It was appropriate that this homogenizing directive was embedded in an innocuous-sounding document called the Visual Standards Guide. It detailed the items that One Brand would cover and announced the establishment of an oversight office within the Agriculture Department—the delightfully named Brand, Events, Exhibits, and Editorial Review Division, acronym BEEERD. Its reach would be broad and deep, extending from the appearance of social-media platforms such as Facebook sites, Twitter feeds and websites, to all signage, vehicles, uniforms, letterheads and envelopes, decals and PowerPoint presentations, right down to the “Hello, My Name Is …” adhesive name tags.

The directive, however, unleashed a firestorm of protest. But the outrage did not come from within the affected agencies, for few staffers knew anything about the impending airbrushing. Instead, it was Forest Service retirees who learned—to their considerable dismay—that longtime agency logos were being phased out and replaced with “a standardized signature model to be adopted by all USDA agencies.” That meant that the Forest Service’s distinctive pine-tree shield ––worn by men and women for well more than a century––would cease to exist.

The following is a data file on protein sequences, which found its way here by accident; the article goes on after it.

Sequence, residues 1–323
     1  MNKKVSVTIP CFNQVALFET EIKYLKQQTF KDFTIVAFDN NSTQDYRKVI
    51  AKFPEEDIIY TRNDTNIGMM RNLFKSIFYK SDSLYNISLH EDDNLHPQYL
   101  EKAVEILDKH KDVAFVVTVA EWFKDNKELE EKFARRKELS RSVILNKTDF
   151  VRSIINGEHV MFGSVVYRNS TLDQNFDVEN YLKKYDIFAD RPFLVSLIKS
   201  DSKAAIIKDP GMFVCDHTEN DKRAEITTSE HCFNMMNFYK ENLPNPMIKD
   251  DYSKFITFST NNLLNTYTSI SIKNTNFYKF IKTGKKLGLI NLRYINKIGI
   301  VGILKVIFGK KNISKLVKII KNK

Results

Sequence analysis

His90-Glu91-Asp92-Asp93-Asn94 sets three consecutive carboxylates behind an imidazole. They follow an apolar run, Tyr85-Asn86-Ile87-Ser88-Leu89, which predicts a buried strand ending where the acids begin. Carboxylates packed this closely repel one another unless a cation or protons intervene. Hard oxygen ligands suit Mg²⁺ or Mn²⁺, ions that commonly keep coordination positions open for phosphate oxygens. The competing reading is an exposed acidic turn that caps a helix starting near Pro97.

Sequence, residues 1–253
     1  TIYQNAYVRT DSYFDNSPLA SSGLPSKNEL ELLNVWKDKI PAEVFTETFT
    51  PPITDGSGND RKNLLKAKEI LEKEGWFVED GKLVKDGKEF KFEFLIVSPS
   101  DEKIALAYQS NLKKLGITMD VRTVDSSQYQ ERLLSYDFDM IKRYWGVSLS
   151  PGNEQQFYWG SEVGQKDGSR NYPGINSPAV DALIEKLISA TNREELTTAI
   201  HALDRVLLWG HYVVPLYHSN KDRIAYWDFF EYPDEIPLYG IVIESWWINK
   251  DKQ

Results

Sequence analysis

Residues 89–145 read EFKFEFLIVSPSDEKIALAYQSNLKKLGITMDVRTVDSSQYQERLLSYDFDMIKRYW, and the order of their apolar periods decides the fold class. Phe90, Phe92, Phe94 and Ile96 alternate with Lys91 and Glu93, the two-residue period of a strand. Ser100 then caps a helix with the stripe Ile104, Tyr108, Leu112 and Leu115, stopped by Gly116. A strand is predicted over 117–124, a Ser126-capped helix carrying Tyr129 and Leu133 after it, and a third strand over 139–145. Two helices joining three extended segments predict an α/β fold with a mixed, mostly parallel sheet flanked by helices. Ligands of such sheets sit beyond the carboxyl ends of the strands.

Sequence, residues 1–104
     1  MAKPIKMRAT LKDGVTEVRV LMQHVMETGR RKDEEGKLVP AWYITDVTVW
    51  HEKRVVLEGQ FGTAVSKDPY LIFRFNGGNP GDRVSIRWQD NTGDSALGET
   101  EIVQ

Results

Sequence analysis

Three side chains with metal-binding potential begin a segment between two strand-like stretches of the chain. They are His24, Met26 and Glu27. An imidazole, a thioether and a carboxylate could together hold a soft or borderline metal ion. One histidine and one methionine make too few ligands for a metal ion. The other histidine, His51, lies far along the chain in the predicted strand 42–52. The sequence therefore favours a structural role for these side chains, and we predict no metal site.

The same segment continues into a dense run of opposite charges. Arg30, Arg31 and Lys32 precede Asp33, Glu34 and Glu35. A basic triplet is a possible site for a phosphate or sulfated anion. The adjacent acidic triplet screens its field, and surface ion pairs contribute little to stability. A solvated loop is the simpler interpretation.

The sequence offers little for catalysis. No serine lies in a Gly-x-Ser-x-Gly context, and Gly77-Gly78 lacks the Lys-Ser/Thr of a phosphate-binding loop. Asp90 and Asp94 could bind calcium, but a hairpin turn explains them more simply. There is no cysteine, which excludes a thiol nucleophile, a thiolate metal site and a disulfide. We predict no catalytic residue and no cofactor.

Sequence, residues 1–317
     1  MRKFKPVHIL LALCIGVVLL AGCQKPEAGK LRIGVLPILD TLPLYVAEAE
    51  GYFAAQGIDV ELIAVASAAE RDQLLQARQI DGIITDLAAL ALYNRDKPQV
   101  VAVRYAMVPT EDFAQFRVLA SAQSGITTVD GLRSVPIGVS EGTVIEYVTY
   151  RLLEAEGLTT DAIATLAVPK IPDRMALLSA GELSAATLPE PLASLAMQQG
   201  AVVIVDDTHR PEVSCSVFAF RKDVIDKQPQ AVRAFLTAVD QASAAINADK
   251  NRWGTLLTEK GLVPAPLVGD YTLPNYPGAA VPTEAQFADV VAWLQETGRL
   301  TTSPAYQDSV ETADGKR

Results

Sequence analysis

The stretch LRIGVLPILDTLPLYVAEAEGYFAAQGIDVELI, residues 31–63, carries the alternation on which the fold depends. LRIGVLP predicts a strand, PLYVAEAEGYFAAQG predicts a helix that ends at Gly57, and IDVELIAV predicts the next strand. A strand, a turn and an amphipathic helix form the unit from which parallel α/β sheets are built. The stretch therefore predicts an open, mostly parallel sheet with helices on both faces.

Infuriated but organized through the National Association of Forest Service Retirees, the critics bombarded the agriculture secretary’s office with phone calls, emails and letters, sending copies to the beleaguered head of BEEERD as well. Protesters also reached out to their congressional delegations, called local talk radio shows, and contacted newspapers and other media.

Their opposition took on the air of a revival meeting. They talked about the emblematic power of the logo to bind them to one another and to the land they helped steward. The evocative shield and the uniform to which it was pinned testified to their devoted public service, they said. Shedding these symbols, and the emotional attachments they held, seemed like a deliberate attack on their collective history. These defenders proved a potent collective, and so overwhelming was their opposition that it forced the Agriculture Department’s hand.